How does an ensemble classifier merge the predictions of its constituent classifiers? I'm having difficulty finding a clear description. In some code examples I've found, the ensemble just averages the predictions, but I don't see how this could possible make a "better" overall accuracy.

Consider the following case. An ensemble classifier is composed of 10 classifiers. One classifier is has an accuracy of 100% of the time in data subset X, and 0% all other times. All other classifiers have an accuracy of 0% in data subset X, and 100% all other times.

Using an averaging formula, where classifier accuracy is ignored, the ensemble classifier would have, at best, 50% accuracy. Is this correct, or am I missing something? How can taking the average prediction from N potentially clueless classifiers possibly create a better prediction then a single classifier that's an expert in a specific domain?


3 Answers 3


I read a clear example from Introduction to Data Mining by Tan et al.

The example claims that if you are combining your classifiers with a voting system, that is classify a record with the most voted class, you obtain better performance. However, this example uses directly the output label of classifiers, and not the predictions (I think you meant probabilities).

Let's have 25 independent classifiers that have generalization error $e = 1 - \mbox{accuracy} = 0.35$. In order to misclassify a record at least half of them have to misclassify it.

Everything can be modeled with random variables, but you just have to compute the probability that at least 13 of them misclassify the record $$\sum_{i=13}^{25}\binom{25}{i}e^i(1-e)^{(25-i)} = 0.06$$ where each term of the summation means that $i$ classifier get the record class correctly and $25-i$ get it wrong.

Using directly predictions and using as a combination method an average, I think that it could be a bit more difficult to show the improvment in ensemble performance. However, focusing only on predictions and without caring at the output label of the ensemble, averaging more predictions can be seen as an estimator of the real probability. Therefore, adding classifiers should improve the predictions of the ensemble technique.

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    $\begingroup$ This is a great way to understand why the ensemble works. However the specific case is likely to be too optimistic in terms of improved performance. This is basic each classifier is trained (usually) on the same data - making the independence of the classifiers questionable. $\endgroup$ Feb 8, 2012 at 3:14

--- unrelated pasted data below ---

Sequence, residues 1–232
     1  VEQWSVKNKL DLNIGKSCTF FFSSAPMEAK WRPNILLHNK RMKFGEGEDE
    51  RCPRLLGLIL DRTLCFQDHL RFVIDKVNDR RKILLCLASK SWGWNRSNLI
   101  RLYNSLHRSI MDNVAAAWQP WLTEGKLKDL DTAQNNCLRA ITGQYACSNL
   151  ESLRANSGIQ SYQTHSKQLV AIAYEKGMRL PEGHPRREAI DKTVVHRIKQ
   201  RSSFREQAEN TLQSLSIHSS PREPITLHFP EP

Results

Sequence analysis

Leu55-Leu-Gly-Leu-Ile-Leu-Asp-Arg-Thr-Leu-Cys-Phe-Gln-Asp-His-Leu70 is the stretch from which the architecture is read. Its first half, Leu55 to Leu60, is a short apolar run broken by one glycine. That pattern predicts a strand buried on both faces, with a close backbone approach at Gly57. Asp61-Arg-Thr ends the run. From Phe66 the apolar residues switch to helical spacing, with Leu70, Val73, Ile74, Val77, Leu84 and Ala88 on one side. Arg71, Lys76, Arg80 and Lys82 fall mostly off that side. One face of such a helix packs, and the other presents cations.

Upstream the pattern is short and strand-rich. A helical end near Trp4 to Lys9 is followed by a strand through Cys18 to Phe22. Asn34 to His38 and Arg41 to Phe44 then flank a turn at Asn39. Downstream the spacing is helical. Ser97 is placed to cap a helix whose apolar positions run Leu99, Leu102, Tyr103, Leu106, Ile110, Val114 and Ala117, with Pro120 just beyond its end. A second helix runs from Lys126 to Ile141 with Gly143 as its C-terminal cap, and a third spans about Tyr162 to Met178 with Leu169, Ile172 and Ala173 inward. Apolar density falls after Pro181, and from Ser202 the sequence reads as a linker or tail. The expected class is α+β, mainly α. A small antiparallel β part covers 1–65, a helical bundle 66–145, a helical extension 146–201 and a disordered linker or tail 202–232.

• $\begingroup$ Of course, the independence is a too strong hypothesis. $\endgroup$
    – Simone
    Feb 8, 2012 at 9:52

You are missing the fact that "bad" classifier do not have 0% accuracy, rather it is not significantly better than a random guessing.

This way good predictions are always the same and accumulate (since the truth is only one) while bad predictions are random noise which average out.

  • $\begingroup$ It's not that any classifier is overall "bad" or "good". I'm talking about each classifier's accuracy in specific domains. If one classifier is perfect in a specific domain, then including it in an ensemble may potentially obscure it's usefulness, because all the other classifiers may make bad classifications. $\endgroup$
    – Cerin
    Jan 22, 2012 at 21:21
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    $\begingroup$ Unless you have perfect contradictions (which are almost absent in real, usable data), domains do not change anything since the classifier should also produce noise instead of exclusively bad class for objects outside its domain -- this way only different partial classifiers will be "good" in each of the domains. Anyway, it is obvious that a sharp, perfect signal will be silenced by the noise (hopefully not completely), but this is the trade-off for having no information about what partial classifiers work for what objects. $\endgroup$
    – user88
    Jan 22, 2012 at 23:51
  • $\begingroup$ My point is that if you take a great classifier and average it's prediction with bad classifiers, you're unlikely to get a better prediction. You're diluting your good prediction. $\endgroup$
    – Cerin
    Jan 31, 2012 at 17:31
  • $\begingroup$ @chriss - usually when you average you weight each classifier according to its performance. in this scheme a great classifier only gets diluted by other great classifiers. Crap classifiers get low weight (usually exponentially low) and so dont dilute. $\endgroup$ Feb 8, 2012 at 3:18
  • $\begingroup$ @ChisS You are perfectly right -- the point of ensemble is that you can't cherry-pick best classifier for each object, so you average trading reasonable solution for some signal attenuation by noise and the risk of correlated-base-classifiers catastrophe. $\endgroup$
    – user88
    Feb 8, 2012 at 10:29

In case of classification generally there are two ways to ensemble the prediction. Lets say it's a binary class classification problem and you have 3 models to ensemble called m1,m2 and m3 and the training dataset is called train and testing dataset called test.Models are already build on train.Then a python code will be as following.

First method is to take a round of the average


So the output will be a vector of value 0 and 1

Second method is to ensemble the prediction probability of each class from these models and ensemble that and then decide the class either on the basis of a hard threshold or some logic.

pred_proba=[m1.predict(test).predict_proba++ m2.predict(test).predict_proba 
# Simple average ensemble,however you can try weighted average as well

iterate through the entire pred_proba vector to find which one in 0 and which 1 is 1 basing on hard threshold 0.5

pred=[] # Initialize a blank list for prediction

for x in pred_proba:
 if x>0.5:

So pred is the final ensemble prediction.


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